BLOOMINGTON (AP) -- Minnesota tribal leaders on Thursday suggested ways to fix the government's embattled Indian trust account system and raised concerns about the Interior Department's proposed restructuring of it.
Neal McCaleb, head of the Bureau of Indian Affairs, Wayne Smith, deputy assistant secretary, and Ross Swimmer, who led the bureau during the Reagan administration, met with 70 tribal leaders at the second of seven regional hearings on the proposed restructuring.
Interior Secretary Gale Norton last month announced the plan to form a new Bureau of Indian Trust Assets Management to take over the trust system from the Bureau of Indian Affairs. A federal judge ordered the system reformed.
Swimmer would lead the new office, which would supervise $500 million a year in royalties from 52 million acres of Indian land, primarily in the West and Midwest.
The Bush administration wants the BIA to continue to handle education, social programs and law enforcement, while the new agency takes charge of natural resources, minerals and the trust assets.
Tribal leaders raised concerns about the costs of a new management office.
"We oppose the reform plan," said Eli Hunt, chairman of the Leech Lake Band of Ojibwe. "We feel it would strip the federal government of its current trust responsibilities."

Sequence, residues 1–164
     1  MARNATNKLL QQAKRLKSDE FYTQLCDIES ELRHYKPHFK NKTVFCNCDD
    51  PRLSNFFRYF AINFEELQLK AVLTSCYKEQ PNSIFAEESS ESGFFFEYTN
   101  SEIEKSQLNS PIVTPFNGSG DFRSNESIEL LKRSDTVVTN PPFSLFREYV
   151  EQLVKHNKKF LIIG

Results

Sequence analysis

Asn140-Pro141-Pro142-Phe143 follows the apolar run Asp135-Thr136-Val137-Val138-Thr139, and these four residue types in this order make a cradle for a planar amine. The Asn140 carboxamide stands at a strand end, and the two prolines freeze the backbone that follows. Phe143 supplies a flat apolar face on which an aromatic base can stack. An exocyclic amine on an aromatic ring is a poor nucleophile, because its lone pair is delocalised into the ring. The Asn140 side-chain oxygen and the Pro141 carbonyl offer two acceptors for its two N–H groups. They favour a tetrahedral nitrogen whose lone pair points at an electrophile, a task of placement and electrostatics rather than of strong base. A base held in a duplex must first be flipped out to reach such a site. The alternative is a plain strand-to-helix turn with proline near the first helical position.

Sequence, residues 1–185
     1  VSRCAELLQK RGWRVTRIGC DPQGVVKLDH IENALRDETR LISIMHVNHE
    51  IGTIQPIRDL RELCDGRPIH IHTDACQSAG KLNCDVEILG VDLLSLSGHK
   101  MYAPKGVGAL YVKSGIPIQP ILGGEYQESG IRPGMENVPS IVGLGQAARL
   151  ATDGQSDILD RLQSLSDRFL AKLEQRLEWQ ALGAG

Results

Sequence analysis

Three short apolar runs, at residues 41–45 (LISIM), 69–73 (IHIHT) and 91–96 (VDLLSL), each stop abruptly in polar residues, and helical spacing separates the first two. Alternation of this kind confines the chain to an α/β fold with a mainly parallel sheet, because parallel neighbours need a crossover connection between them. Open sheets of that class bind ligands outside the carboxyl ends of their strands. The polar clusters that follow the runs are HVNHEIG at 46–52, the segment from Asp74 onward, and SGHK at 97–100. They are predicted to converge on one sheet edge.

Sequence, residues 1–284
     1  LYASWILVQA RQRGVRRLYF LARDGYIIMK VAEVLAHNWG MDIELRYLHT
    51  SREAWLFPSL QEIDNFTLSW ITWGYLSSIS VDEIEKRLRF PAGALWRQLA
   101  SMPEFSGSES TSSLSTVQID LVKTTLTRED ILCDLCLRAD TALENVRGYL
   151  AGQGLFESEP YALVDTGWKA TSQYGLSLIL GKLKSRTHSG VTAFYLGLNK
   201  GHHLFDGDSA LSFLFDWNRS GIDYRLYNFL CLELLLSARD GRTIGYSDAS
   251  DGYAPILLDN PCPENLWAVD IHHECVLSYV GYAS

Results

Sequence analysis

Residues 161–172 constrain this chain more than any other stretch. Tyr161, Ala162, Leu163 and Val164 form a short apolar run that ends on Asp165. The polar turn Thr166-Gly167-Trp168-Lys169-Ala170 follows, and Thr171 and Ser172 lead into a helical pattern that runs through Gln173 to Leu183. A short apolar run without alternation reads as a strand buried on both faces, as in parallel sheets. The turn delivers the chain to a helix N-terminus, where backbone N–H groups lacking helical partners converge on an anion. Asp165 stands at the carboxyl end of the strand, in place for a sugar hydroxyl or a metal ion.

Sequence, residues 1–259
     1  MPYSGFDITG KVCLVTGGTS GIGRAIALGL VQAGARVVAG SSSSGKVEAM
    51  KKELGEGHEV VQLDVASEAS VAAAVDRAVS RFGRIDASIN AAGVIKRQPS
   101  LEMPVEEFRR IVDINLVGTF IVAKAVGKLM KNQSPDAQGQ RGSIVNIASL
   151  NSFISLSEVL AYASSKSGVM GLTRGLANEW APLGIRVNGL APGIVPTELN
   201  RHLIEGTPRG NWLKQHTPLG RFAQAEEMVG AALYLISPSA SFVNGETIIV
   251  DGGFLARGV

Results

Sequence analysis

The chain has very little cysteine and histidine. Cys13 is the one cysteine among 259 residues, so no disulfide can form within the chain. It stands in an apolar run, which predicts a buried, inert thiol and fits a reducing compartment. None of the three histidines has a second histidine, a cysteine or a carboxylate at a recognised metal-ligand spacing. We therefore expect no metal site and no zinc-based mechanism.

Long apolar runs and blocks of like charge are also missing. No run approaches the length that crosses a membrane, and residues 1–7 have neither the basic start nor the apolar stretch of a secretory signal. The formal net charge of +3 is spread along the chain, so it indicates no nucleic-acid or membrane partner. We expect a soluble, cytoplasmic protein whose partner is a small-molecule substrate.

Some urged Congress to allocate more money for current programs they say are underfunded.
The trust accounts were created in 1887 by the federal government to manage royalties paid to tribal members for such activities as logging and mining on Indian land.
Norman Deschampe, chairman of the Grand Portage Band of Ojibwe, feared that hunting and fishing rights might be altered. Others wanted to have Indian resources managed on a local and tribal level.
McCaleb also updated the tribal leaders on the BIA's problem-plagued computer system. After security problems in the system were identified by a consultant, Norton closed the entire system earlier this month, resulting in a delay of checks to trust beneficiaries.
Following a court order this week to turn the system back on, the BIA mailed out general assistance checks Thursday. But McCaleb said, "Unfortunately, I don't know if everyone will have their checks by Christmas."
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